See How Filmmakers Used Drones To Tell A Stunning Tale Of How The World Uses Water

The film Watermark takes us to a giant Chinese dam, the choreographed fountains of Las Vegas, a polluted river in Bangladesh, and an Indian pilgrimage to the Ganges. Here’s an awesome look at how they did it.

The new film Watermark isn’t a typical environmental documentary. There’s almost no narration, no politics, just shot after stunning shot showing how humans use water and shape our water systems. We see a giant Chinese dam, choreographed fountains at the Bellagio in Vegas, a polluted river next to factory in Bangladesh, and a pilgrimage to the Ganges in India.


This video from Vice tells the story of how and why photographer Edward Burtynsky and filmmaker Jennifer Baichwal made the film over five years of traveling around the world.

“We were trying to create an experiential experience for the viewer, where they are immersed–to use a water metaphor–in these existential moments that are happening all over the world that represent some kind of relationship with water,” Baichwal told Co.Exist in a previous interview.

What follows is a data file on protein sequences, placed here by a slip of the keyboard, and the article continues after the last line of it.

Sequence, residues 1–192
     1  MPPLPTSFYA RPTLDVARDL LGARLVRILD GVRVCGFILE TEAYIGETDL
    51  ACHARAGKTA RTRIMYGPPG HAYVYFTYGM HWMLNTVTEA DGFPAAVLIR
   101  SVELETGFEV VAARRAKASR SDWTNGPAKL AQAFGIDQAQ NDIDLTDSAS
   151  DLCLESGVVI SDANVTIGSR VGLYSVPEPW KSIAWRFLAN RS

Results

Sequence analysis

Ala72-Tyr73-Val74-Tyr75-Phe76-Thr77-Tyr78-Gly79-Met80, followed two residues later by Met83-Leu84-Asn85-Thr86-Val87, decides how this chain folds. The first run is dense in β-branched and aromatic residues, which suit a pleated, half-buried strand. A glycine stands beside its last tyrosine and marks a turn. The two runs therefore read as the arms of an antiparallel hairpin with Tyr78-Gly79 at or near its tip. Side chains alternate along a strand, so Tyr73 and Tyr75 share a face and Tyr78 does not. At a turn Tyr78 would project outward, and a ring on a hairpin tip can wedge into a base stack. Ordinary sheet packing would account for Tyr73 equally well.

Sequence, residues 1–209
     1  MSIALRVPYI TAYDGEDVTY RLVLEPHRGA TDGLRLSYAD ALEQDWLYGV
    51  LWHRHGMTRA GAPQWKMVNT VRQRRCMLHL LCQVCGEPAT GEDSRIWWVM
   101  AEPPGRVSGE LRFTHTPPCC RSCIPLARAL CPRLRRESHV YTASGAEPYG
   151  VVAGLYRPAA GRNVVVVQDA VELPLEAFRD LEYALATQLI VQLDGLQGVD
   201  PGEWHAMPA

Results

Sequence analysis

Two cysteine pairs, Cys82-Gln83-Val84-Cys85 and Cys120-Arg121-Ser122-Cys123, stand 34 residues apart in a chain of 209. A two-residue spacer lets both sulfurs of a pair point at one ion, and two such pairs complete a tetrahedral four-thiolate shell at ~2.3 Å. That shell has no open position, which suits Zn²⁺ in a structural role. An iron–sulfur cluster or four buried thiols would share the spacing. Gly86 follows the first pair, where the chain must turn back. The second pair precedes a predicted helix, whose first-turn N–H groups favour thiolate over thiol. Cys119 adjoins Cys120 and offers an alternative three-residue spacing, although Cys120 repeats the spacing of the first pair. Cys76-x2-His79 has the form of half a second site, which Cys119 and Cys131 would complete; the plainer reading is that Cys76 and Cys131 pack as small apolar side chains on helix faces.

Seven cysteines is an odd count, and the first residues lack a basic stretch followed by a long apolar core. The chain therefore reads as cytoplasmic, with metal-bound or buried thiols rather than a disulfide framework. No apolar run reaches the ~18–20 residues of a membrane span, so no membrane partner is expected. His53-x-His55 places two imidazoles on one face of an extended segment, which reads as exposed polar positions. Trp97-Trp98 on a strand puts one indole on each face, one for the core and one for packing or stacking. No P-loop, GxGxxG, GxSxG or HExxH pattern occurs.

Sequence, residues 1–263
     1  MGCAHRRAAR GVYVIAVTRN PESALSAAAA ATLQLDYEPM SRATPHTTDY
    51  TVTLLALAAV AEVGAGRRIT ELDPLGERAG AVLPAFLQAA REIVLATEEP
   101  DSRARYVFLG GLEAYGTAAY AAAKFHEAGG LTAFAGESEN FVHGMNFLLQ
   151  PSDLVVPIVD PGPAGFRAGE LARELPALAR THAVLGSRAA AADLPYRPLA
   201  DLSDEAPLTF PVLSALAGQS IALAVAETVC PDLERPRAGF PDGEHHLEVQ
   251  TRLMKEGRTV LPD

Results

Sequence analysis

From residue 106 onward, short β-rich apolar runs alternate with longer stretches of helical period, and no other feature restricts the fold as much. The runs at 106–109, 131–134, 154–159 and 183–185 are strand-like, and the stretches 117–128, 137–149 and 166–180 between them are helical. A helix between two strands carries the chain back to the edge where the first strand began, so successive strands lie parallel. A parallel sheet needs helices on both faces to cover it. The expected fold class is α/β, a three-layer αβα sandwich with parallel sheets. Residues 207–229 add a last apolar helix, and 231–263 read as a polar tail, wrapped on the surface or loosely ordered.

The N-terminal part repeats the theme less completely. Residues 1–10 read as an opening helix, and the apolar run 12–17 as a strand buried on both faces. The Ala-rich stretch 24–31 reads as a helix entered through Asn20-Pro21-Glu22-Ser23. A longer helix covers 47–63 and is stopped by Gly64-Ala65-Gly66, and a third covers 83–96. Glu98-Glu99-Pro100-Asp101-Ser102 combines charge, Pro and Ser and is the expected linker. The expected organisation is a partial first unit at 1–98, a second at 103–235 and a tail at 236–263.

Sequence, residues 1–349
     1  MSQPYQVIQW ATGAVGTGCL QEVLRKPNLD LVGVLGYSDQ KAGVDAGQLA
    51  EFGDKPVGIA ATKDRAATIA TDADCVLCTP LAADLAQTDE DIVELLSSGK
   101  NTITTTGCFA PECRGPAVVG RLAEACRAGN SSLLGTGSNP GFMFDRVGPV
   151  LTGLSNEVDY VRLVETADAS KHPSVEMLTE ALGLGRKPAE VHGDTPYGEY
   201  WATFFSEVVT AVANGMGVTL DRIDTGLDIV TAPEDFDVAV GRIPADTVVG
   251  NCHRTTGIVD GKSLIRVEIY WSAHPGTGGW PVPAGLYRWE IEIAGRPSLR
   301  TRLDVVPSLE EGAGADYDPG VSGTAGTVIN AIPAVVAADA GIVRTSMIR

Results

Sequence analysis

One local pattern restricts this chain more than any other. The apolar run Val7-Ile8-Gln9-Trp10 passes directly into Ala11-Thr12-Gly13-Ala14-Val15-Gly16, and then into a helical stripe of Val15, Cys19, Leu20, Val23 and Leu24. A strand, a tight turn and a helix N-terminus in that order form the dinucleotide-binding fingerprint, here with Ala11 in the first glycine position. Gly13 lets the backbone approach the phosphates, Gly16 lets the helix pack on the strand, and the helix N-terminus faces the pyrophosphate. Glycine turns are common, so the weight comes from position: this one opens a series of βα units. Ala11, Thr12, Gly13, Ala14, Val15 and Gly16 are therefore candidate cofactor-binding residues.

One of the things that made the film possible was technology, especially drones. “In China, the only way to get a helicopter is to make a deal with the military,” says Burtynsky. “It takes months to get clearances, and it costs an arm and a leg.” When the filmmakers needed to fly over the massive new Xiluodu Dam, or a fish farm in the East China Sea, they turned to small remote-controlled helicopters instead.

“We were really at the outer edges of what was possible at the time with these guys who had built these helicopters by hand,” Burtynsky explains. The drones were just strong enough to support an Epic 5K, a very high-resolution film camera.

In the end, they were able to capture incredibly detailed images that speak for themselves, and help start a conversation about the future of water that lacks the usual political overtones.

“I think the films that I do are places where it doesn’t matter what part of the spectrum you lie,” says Burtynsky. “If you’re religious or nonreligious, if you’re rich or poor, left or right in your politics. It doesn’t really matter. You can take this and there’s a conversation and something that each and everybody can think about. This is our habitat, and this is what we’re doing to it.”

About the author

Adele Peters is a staff writer at Fast Company who focuses on solutions to some of the world's largest problems, from climate change to homelessness. Previously, she worked with GOOD, BioLite, and the Sustainable Products and Solutions program at UC Berkeley.